‘Since that fateful day in 1990, the family has split up. My daughter was taken away by my parents and is being brought up by them. There is no contact with other relatives since no one wants to be associated with a family in distress and under a cloud. My youngest son studied only till school level and is working with his eldest brother at their father’s shop. My husband has since been dogged by health problems. He suffers from a chronic back problem after having suffered a slip-disc several years back. He had a major operations for nerve disease in his hip and right arm. His toes too had to be amputated. Now he is laid up at home and looks older and infirmer than his years. I shoulder all the responsibilities of family and chasing the case in court.

‘Since Javed was taken away, nine years ago, I am obsessed with finding him. I have had no time for the rest of the family or bothered about the house which needs serious repair works. I just don’t have the will to involve myself in these things – it seems so unimportant and futile.

‘In October 1996, a group of similarly afflicted families formed the Association of Relatives of Disappeared Persons. We have a 300 strong membership. We meet regularly at each others house to extend physical and emotional support to each other. We exchange experiences, information and share hope that some day we will see our loved ones.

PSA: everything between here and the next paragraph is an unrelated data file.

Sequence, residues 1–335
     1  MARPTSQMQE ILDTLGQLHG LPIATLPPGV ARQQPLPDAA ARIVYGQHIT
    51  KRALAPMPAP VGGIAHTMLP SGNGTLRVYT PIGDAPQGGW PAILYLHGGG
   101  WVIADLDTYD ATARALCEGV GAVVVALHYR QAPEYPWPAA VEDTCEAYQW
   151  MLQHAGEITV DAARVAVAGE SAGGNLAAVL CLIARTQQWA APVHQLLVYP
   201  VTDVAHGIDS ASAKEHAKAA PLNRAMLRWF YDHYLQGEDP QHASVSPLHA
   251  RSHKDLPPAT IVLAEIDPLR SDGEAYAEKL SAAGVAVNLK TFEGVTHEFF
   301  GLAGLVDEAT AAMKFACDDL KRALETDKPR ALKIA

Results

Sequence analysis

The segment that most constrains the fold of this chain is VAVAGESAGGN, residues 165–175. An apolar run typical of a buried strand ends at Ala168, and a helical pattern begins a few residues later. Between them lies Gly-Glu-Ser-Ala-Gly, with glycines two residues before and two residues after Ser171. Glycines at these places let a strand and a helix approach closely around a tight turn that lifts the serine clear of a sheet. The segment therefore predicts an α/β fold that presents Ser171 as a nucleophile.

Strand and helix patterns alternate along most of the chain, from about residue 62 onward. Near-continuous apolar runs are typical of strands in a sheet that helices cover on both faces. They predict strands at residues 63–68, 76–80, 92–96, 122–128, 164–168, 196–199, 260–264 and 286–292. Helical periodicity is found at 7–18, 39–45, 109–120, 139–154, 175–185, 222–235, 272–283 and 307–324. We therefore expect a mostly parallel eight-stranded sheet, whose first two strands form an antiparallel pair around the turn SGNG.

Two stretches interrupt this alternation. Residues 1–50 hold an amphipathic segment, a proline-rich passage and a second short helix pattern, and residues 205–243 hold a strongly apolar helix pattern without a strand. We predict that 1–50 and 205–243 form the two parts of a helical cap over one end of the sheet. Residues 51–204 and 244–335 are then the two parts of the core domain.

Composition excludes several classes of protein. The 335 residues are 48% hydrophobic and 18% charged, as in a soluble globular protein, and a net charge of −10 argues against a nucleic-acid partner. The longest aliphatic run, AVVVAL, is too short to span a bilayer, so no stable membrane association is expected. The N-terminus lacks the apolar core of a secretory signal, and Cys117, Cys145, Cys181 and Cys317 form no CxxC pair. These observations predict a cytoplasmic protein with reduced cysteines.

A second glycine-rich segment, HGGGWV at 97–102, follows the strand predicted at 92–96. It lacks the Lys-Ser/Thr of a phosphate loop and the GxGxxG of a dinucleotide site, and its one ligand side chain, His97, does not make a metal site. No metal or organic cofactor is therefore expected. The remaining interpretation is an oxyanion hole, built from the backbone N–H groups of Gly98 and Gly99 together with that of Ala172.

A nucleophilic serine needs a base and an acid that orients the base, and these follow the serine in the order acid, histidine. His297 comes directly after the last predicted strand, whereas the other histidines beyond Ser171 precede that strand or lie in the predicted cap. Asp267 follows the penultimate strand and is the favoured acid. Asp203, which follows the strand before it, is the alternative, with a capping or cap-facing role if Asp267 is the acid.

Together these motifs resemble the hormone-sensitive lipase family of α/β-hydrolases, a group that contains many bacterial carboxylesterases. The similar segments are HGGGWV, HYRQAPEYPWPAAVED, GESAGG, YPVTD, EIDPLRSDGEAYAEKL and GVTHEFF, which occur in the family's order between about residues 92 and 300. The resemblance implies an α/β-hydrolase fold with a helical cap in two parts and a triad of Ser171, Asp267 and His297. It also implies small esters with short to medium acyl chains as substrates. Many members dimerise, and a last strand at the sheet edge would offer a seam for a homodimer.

‘I get letters from all over the world and from various organisations to attend their conferences and meetings but so far I have not gone any where since I cannot afford it and nobody is going to fund us. But now I have made up my mind. I plan to go to Nepal for something that is happening later this year – I want people to know about us.

‘Our association suffered a huge setback last year when the Vice Chairperson, Halima, and her young son were shot dead. We suspect pro-government militants, the "renegades", but nothing has been proved and no one has been booked till date.

‘I am not intimidated. What is there for me to lose now? I have already lost everything. The government is trying to offer me some compensation but how can I sell my son?’




LALIJI BUTT’S is a strange story of abduction and rehabilitation. According to her, cases like hers have never received any attention since there are far more important and pressing issues in Kashmir.

Dark complexioned and tall, she does not look like a local. But she has schooled herself to blend in by speaking Kashmiri and learning the ways of the women here. There are many more like her whose poverty and helplessness in a strange place has been exploited. Their condition has been further aggravated by the lack of acknowledgement of their existence. Lalji was brought from West Bengal as a ‘comfort woman’. Such women have continued to be brought to Kashmir to be sold to the highest bidder.